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© 2005 Prentice-Hall 9-1 Communication Chapter 9 Essentials of Organizational Behavior, 8/e Stephen P. Robbins
© 2005 Prentice-Hall 9-2 Functions of Communication Control Motivation Emotional expression Information
© 2005 Prentice-Hall 9-3 SenderEncodingChannelDecodingReceiver Message Feedback The Communication Process Message
© 2005 Prentice-Hall 9-4 Communication Channels Formal channels are established by the organization and transmit messages that are related to the professional activities of members Informal channels are spontaneous and emerge as a response to individual choices Personal and social messages
© 2005 Prentice-Hall 9-5 Communication Direction Downward Upward Lateral
© 2005 Prentice-Hall 9-6 Interpersonal Communication Oral Written Non-verbal
© 2005 Prentice-Hall 9-7 Oral Communication Advantages –Speed –Feedback Disadvantages –Potential for distorted message –Content at destination is different from the original
© 2005 Prentice-Hall 9-8 Written Communication Provide a tangible and verifiable record Can be stored for an indefinite period of time Physically available for later reference Well thought-out, logical, and clear Time consuming Lack of feedback No guarantee how reader will interpret it AdvantagesDisadvantages
© 2005 Prentice-Hall 9-9 Non-verbal Communication Two most important messages that body language conveys are: (1) the extent to which an individual likes another and is interested in his/her views (2) the relative perceived status between a sender and receiver
© 2005 Prentice-Hall 9-10 Non-verbal Communication Intonations Facial expression Physical distance
© 2005 Prentice-Hall 9-11 Formal Small-Group NetworksChainWheelAll-Channel
© 2005 Prentice-Hall 9-12 Small-Group Networks and Effectiveness Criteria
© 2005 Prentice-Hall 9-13 The Grapevine Not controlled by management Perceived as being more believable and reliable Largely used to serve self- interest
© 2005 Prentice-Hall 9-14 Computer-aided Communication E-mail Instant messaging Intranet and Extranet links Video-conferencing
© 2005 Prentice-Hall 9-15 Instant Messaging Fast and inexpensive means for managers to stay in touch with employees No delay, no in-box clutter of messages, and no uncertainty as to whether the message was received
© 2005 Prentice-Hall 9-16 Knowledge Management Process of organizing and distributing an organization’s collective wisdom so the right information gets to the right people at the right time
© 2005 Prentice-Hall 9-17 Knowledge Management Provides an organization with both a competitive edge and improved organizational performance
© 2005 Prentice-Hall 9-18 Knowledge Management Intellectual assets are now as important as physical or financial assets As baby boomers begin to leave the workforce, there’s an increasing awareness that they represent a wealth of knowledge that will be lost if there are no attempts to capture it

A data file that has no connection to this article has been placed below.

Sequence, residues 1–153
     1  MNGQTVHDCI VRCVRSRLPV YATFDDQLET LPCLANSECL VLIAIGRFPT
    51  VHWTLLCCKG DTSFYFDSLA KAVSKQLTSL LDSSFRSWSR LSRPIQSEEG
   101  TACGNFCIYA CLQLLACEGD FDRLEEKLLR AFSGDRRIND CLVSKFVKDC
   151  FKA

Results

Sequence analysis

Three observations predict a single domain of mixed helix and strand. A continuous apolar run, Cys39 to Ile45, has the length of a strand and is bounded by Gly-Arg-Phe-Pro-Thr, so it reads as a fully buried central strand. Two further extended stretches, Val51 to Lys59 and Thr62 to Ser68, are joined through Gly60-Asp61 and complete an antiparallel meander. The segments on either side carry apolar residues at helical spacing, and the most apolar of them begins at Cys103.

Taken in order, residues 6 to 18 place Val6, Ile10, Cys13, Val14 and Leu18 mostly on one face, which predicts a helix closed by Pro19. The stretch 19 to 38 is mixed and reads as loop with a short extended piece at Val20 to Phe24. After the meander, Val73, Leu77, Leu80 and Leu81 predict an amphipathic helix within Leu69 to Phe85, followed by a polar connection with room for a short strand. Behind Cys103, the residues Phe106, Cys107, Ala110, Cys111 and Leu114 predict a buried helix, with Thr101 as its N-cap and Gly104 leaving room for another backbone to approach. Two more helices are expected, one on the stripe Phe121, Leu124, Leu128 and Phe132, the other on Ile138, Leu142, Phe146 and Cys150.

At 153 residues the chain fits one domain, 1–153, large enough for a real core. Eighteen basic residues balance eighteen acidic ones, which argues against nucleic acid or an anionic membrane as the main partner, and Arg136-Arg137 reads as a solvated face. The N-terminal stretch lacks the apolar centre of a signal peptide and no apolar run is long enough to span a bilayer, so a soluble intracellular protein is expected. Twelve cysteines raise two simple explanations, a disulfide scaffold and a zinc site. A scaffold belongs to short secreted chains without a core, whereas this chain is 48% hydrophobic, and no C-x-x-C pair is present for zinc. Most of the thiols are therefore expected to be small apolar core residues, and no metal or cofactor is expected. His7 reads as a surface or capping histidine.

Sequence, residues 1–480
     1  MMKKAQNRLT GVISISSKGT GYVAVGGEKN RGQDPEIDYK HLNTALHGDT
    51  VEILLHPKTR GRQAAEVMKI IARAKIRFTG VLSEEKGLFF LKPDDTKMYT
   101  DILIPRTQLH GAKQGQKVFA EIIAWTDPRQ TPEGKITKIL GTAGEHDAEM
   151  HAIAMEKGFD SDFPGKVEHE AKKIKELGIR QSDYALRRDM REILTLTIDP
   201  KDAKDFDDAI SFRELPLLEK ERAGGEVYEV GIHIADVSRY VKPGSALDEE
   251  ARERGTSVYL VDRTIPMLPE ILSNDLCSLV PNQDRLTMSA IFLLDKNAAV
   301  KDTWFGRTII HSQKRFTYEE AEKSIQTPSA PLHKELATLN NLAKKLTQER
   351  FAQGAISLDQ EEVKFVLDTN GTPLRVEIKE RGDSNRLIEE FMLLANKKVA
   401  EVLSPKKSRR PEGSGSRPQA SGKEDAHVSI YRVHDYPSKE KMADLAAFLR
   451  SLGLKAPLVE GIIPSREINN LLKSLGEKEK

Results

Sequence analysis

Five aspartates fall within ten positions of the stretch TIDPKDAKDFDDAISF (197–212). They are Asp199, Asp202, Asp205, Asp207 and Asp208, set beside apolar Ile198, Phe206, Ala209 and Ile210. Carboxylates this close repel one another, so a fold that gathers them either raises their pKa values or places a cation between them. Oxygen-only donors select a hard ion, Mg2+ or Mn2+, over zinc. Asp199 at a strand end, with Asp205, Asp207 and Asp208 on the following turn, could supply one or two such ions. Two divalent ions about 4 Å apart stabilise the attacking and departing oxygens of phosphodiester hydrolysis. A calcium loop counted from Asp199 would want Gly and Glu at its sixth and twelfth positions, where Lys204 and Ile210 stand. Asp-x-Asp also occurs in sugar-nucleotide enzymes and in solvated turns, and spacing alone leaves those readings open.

© 2005 Prentice-Hall 9-19 Well-designed KM system will reduce redundancy and make the organization more efficient Knowledge Management
© 2005 Prentice-Hall 9-20 Knowledge Management KM requires an organizational culture that promotes values, and rewards sharing knowledge
© 2005 Prentice-Hall 9-21 Barriers to Effective Communication Filtering Selective Perception Information Overload Gender Styles Emotions Language
© 2005 Prentice-Hall 9-22 Cultural Context High-context cultures - rely heavily on nonverbal and subtle situational cues when communicating with others Low-context cultures - rely essentially on words to convey meaning
© 2005 Prentice-Hall 9-23 A Cultural Guide 1)Assume differences until similarity is proved 2)Emphasize description rather than interpretation or evaluation 3)Practice empathy 4)Treat your interpretation as a working hypothesis
© 2005 Prentice-Hall 9-24 Implications for Managers 1)Use Multiple Channels 2)Use Feedback 3)Simplify Language 4)Listen Actively 5)Constrain Emotions 6)Use the Grapevine
Organizational Behavior MBA-542 Instructor: Erlan Bakiev, Ph.D. 1-1.
© 2007 Prentice Hall Inc. All rights reserved. Communication By: Engr. Muhammad Saad.
Chapter 10 Communication.
Organizational Behavior Lecture 14 Dr. Amna Yousaf PhD (HRM) University of Twente, the Netherlands.
Organizational Behavior, Communication Presented to Sir Ahmed Tisman Pasha Presented By: Alia Ashraf(07-19)
Adeyl Khan, Faculty, BBA, NSU The transference and the understanding of meaning.
© 2007 Prentice Hall Inc. All rights reserved. Communication Chapter ELEVEN.
ORGANIZATIONAL BEHAVIOR S T E P H E N P. R O B B I N S W W W. P R E N H A L L. C O M / R O B B I N S T E N T H E D I T I O N © 2003 Prentice Hall Inc.
Chapter 17 Communication.
Chapter 7, Nancy Langton and Stephen P. Robbins, Organizational Behaviour, Fourth Canadian Edition 7-1 Copyright © 2007 Pearson Education Canada Chapter.
Organizational Behavior, 9/E Schermerhorn, Hunt, and Osborn Prepared by Michael K. McCuddy Valparaiso University John Wiley & Sons, Inc.
Chapter 10: Functions of Communication
What is communication? What are the issues in interpersonal communication? What is the nature of communication in organizations? How can we build more.
Copyright ©2013 Pearson Education, Inc. publishing as Prentice Hall
Organizational Behavior 15th Ed Communication Copyright © 2013 Pearson Education, Inc. publishing as Prentice Hall11-1 Robbins and Judge Chapter 11.
Chapter Objectives After studying this chapter, you should be able to:
Chapter 10 Communication
ORGANIZATIONAL BEHAVIOR S T E P H E N P. R O B B I N S E L E V E N T H E D I T I O N W W W. P R E N H A L L. C O M / R O B B I N S © 2005 Prentice Hall.
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